An icon of Christ the Bridegroom
Monday of Holy Week, 10 April 2017
Saint Mary’s Church, Askeaton, Co Limerick.
Readings: Psalm 36: 5-11; Hebrews 9: 11-15; John 12: 1-11.
Hymn: 217, All glory laud and honour.
May I speak in the name of + the Father, the Son and the Holy Spirit.
Throughout this week, as we journey together through Holy Week, we continue the gradual build-up from Palm Sunday, with services each evening in this group of parishes. We are here in Saint Mary’s, Askeaton this evening [10 April 2017], in Saint Brendan’s, Tarbert, tomorrow [11 April], then we journey on to Rathkeale on Wednesday, to Castletown for the Maundy Eucharist on Thursday evening, so that we can mark Good Friday prayerfully and appropriately in Saint Mary’s Roman Catholic Church, Rathkeale, at noon on Friday and in Saint Mary’s Church, Askeaton that evening.
All this is to prepare us to celebrate the Resurrection, on Easter Eve in Castletown and on Easter Morning in Tarbert, Askeaton and Rathkeale.
That stepping up of the tempo is reflected in the Book of Common Prayer, for example, where we are provided with the same Post-Communion prayer for today, tomorrow and Wednesday, and then another Post-Communion Prayer and a choice of collects on Maundy Thursday.
The earliest reference to marking this week with special observances is found in the late third century and early fourth century. The Apostolic Constitutions (v. 18, 19) tell us abstinence from meat was expected for all the days of this week, and in addition there was an absolute fast on the Friday and Saturday. Holy Week became an established custom and tradition, and there are pilgrims’ accounts giving complete details of the observance of Holy Week in Jerusalem from around 381 to 384.
The days between Palm Sunday and Maundy Thursday are known as Holy Monday (Fig Monday), Holy Tuesday, and Holy Wednesday, or sometimes Spy Wednesday. The Gospel readings on these days recount events not all of which occurred on the corresponding days between Christ’s entry into Jerusalem and the Last Supper. For example, today’s Gospel [Monday] tells of the Anointing at Bethany (John 12: 1-11), which took place before Palm Sunday (see John 12: 12-19).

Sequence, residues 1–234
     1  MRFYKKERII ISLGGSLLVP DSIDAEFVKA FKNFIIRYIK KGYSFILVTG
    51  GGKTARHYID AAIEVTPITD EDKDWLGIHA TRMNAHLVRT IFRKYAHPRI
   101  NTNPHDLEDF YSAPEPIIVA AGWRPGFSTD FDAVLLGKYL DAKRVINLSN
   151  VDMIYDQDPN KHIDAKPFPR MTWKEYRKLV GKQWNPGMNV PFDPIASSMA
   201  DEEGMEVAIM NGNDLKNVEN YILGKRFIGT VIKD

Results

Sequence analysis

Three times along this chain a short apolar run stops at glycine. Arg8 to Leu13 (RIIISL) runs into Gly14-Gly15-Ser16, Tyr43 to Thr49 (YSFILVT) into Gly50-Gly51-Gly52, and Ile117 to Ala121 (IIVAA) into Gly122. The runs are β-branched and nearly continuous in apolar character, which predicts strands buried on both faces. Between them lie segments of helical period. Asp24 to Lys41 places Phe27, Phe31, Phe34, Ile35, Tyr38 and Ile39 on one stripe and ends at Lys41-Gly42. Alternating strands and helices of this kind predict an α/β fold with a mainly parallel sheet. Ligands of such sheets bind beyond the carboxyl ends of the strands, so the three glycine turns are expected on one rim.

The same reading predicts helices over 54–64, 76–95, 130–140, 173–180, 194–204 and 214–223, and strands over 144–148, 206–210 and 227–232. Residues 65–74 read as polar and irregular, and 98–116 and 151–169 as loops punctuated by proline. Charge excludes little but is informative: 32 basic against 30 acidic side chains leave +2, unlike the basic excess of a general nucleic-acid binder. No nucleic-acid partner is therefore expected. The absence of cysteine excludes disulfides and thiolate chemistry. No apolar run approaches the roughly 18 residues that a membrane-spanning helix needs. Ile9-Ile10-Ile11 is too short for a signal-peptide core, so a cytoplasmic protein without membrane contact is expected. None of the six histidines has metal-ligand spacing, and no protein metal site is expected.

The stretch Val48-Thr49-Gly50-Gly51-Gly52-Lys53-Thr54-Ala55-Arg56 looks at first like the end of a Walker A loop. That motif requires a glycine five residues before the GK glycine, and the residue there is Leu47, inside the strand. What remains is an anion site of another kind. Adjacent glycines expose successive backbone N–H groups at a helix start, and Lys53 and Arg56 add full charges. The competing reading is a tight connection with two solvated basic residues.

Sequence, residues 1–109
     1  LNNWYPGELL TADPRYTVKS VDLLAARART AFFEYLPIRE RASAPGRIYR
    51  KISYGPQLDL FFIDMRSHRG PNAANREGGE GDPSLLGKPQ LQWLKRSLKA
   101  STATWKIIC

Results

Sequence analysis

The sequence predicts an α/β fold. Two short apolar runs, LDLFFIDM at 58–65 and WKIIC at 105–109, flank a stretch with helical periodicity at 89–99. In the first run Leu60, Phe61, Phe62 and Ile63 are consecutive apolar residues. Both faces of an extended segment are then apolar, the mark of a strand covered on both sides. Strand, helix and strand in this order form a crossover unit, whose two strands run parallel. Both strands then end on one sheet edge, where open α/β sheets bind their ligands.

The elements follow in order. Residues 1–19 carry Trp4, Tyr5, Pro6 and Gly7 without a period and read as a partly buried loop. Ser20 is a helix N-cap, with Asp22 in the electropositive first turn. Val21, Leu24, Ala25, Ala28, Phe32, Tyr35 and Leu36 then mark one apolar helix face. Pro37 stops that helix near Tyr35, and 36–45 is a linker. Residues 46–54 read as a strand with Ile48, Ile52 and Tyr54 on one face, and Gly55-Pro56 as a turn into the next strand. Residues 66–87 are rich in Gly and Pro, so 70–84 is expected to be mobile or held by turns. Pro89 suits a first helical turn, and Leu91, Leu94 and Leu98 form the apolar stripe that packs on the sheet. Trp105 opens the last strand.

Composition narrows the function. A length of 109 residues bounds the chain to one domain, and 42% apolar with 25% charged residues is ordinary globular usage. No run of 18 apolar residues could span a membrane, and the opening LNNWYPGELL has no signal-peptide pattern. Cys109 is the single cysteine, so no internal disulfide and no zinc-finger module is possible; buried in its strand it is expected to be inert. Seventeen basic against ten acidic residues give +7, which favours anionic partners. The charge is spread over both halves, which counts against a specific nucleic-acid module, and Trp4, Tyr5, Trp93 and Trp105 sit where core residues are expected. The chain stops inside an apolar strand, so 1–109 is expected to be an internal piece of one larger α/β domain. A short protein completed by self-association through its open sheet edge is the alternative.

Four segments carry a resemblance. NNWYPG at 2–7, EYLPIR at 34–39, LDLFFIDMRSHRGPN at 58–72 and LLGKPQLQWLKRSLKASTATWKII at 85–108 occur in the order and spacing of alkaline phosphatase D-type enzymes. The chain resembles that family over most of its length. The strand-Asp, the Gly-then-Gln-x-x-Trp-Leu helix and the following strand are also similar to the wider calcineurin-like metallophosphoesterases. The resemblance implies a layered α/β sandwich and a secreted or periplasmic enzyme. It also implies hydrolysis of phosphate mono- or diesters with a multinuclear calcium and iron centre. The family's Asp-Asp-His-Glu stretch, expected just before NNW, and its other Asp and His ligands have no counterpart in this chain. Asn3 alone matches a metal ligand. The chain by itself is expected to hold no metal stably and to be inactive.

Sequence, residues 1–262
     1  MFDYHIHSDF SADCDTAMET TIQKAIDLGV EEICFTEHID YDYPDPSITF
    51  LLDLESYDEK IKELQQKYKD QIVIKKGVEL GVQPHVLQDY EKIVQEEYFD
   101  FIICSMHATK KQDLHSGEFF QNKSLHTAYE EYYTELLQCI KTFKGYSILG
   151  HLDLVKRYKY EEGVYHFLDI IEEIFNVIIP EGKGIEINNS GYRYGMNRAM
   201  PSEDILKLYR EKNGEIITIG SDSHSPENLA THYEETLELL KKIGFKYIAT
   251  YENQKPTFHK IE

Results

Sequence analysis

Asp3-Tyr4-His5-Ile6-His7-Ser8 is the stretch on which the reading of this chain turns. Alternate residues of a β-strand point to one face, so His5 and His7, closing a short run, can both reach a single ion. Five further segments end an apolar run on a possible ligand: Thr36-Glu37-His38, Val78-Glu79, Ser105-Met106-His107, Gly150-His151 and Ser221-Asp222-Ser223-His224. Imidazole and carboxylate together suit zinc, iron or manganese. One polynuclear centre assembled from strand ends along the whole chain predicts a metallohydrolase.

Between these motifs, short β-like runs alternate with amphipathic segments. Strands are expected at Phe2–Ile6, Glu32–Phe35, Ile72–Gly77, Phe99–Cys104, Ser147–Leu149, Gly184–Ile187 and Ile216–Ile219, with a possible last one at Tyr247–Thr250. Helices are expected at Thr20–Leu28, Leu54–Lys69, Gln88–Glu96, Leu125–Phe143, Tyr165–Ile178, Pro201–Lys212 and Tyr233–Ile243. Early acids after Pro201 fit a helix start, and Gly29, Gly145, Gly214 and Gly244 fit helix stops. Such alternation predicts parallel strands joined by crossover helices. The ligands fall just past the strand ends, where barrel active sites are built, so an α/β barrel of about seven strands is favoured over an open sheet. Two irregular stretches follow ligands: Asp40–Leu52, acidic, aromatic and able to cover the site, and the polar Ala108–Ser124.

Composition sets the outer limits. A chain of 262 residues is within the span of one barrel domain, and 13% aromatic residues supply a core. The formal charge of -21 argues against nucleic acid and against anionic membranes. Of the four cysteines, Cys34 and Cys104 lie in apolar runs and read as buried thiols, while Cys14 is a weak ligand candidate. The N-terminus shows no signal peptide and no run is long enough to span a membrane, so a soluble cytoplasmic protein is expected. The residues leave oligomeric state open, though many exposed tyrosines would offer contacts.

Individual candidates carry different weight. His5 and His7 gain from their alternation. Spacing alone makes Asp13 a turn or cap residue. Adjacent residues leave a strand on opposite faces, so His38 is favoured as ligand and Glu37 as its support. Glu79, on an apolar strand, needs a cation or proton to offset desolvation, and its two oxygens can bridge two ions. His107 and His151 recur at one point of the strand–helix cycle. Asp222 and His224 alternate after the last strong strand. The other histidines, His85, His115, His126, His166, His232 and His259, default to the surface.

In the Western Church, this Monday in Holy Week is not a major feast. But tradition says the cleansing of the Temple in Jerusalem took place on this Monday. This is when Christ overturns the tables of the money-changers, saying to them: ‘It is written, “My house shall be called a house of prayer”; but you are making it a den of robbers’ (Matthew 21: 13).
In the Orthodox tradition, the service of Matins on these first three days of Holy Week – Monday, Tuesday and Wednesday – is known popularly as ‘The Bridegroom Service,’ and includes the ‘Bridegroom Prayer.’ An icon of Christ the Bridegroom is displayed in the centre of the church, showing Christ wearing the robe of mockery and crowned with the crown of thorns. The theme of Christ as the Bridegroom of the Church is extended by drawing on the parable of the ten bridesmaids.
But, alongside the suffering of Christ, three other themes mark Orthodox services on this Monday:
● The story of Joseph (Genesis chapters 37 and 39-40), whose innocent suffering and his persecution by Potiphar’s wife prefigures the suffering of the innocent Christ.
● The cursing of the barren fig tree by Christ on his way into Jerusalem (Matthew 21: 18-22). This serves as an image of the judgment that befalls all of us if we do not produce the fruits of repentance and holy living.
● The demand by the mother of Zebedee’s sons for a place of privilege in the Kingdom for James and John (Matthew 20: 20-28). James and John are seeking pride of place in the Kingdom, in sharp contrast to the humility of Christ, who renounces his status as Creator in order to suffer with and for those he has created.
On this day, do I have ambitions for myself, like their mother had for James and John?
Or am I prepared for the cost of discipleship, of following Christ who renounces all for the sake of all?
The Collect of the Day:
whose most dear Son went not up to joy,
but first he suffered pain,
and entered not into glory before he was crucified:
Mercifully grant that we, walking in the way of his cross,
may find it none other than the way of life and peace;
through Jesus Christ our Lord. Amen.
(Revd Canon Professor) Patrick Comerford is Priest-in-Charge, the Rathkeale and Kilnaughtin Group of Parishes. This Holy Week Reflection was prepared for Saint Mary’s Church, Askeaton, on 10 April 2017.